Effective responses to environmental challenges require adaptive leaders. These leaders can convince others to change their viewpoints, challenging prevailing scientific dogma as well as more logistical issues such as the methodologies used in the lab. This type of influence is critical to easing the sense of loss and anxiety that comes with change. Common responses to these emotions include procrastination, denial, and discontentment, which can perpetuate an environment that resists change—and progress. Ironically, the tenure system designed to allow academic professors to speak freely without risk of losing their position also allows them to resist change and discredit leaders who encourage it.
In the realm of research, funding governs projects and possibilities. The maladaptive insistence that research scientists obtain their financial support by continually writing federal, state, and private grants often prevents scientists from stepping outside the boundaries established by this grant process. Because the success rate is now down to 10 percent, academic scientists are forced to spend much of their time writing proposals, rather than performing creative research. Universities need innovative leaders who are willing to change the way research enterprises are supported, or they will continue to stifle their creative and energetic faculty.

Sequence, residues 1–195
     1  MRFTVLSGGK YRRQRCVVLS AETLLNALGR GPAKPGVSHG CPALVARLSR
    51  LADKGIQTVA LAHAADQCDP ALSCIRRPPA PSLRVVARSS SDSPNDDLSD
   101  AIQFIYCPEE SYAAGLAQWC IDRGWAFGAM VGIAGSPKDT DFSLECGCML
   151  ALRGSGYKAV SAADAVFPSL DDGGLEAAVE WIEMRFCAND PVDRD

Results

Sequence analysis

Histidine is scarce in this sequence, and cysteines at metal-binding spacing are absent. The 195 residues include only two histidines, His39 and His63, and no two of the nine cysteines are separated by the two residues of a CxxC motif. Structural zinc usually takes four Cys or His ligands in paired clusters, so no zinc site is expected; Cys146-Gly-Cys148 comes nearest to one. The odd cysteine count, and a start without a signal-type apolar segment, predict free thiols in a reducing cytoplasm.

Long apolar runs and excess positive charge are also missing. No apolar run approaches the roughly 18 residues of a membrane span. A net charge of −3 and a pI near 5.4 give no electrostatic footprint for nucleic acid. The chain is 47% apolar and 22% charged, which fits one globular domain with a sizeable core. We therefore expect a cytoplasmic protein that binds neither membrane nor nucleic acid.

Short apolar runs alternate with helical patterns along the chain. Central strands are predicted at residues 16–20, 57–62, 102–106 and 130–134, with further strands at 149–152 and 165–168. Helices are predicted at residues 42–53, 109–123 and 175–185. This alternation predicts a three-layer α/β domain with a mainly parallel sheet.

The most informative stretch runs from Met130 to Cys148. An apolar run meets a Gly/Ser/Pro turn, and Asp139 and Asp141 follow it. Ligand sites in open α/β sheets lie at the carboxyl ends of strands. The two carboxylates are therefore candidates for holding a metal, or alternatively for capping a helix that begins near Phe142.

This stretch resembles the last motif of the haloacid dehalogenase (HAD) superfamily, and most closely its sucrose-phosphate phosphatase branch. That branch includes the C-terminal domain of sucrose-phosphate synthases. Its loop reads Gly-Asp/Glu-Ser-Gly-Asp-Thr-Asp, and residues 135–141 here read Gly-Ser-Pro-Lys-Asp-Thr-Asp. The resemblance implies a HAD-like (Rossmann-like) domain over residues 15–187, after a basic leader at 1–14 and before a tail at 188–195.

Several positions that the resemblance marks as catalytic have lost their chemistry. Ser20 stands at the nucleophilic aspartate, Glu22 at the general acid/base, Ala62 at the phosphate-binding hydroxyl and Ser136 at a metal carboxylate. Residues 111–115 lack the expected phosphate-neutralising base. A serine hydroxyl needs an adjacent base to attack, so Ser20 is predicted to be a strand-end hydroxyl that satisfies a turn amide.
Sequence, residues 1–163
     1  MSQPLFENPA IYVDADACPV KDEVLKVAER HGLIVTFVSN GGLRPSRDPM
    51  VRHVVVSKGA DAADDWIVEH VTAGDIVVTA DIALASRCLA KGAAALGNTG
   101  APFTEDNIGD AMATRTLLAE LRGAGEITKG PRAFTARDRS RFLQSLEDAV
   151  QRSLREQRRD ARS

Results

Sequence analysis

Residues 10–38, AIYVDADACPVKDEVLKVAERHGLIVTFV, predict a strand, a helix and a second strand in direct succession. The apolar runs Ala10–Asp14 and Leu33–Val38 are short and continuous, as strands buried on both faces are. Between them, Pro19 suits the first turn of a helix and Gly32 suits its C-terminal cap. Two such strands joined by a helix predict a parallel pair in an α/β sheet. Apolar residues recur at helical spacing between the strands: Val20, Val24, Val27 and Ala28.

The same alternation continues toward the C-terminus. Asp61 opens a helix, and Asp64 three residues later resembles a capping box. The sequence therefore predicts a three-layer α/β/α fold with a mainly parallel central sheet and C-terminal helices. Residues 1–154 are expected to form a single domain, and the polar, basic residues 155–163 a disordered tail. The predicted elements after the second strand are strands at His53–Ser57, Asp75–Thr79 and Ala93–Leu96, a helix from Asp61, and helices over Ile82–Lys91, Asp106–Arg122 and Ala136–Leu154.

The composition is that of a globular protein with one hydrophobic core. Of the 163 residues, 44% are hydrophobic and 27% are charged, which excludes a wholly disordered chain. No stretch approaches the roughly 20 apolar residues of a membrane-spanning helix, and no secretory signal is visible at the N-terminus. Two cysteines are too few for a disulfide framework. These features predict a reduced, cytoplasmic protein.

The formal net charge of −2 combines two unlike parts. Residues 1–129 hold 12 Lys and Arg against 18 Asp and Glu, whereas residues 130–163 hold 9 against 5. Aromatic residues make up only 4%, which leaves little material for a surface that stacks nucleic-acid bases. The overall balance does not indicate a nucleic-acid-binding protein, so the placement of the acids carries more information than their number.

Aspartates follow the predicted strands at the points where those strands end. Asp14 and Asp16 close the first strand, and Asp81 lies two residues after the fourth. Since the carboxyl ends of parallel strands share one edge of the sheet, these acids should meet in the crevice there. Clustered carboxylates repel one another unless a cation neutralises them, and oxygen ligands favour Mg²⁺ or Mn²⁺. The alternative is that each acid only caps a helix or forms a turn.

In this respect, universities can take a clue from the business world, which has realized that investment in human resources and employee development—not brick-and-mortar structures—creates successful, competitive enterprises. Just as successful businesses work toward profits, successful universities need to work toward their primary mission of creating new knowledge. Too often, university administrators spend the majority of their time on fundraising and budgets rather than creating a fertile environment for true innovation.
Effects on teaching and students